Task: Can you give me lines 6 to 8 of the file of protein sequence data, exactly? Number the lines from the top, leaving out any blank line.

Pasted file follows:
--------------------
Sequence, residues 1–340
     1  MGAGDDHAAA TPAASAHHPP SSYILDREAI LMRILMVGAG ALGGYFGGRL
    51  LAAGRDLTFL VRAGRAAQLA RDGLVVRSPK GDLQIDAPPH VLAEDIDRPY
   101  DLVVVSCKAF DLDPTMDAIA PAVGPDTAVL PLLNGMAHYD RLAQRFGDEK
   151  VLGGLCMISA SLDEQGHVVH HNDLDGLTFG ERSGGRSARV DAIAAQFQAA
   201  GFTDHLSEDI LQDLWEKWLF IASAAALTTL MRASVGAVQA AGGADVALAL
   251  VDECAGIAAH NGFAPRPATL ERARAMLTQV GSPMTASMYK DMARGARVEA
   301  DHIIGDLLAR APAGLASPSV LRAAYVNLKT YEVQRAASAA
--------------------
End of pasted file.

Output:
   201  GFTDHLSEDI LQDLWEKWLF IASAAALTTL MRASVGAVQA AGGADVALAL
   251  VDECAGIAAH NGFAPRPATL ERARAMLTQV GSPMTASMYK DMARGARVEA
   301  DHIIGDLLAR APAGLASPSV LRAAYVNLKT YEVQRAASAA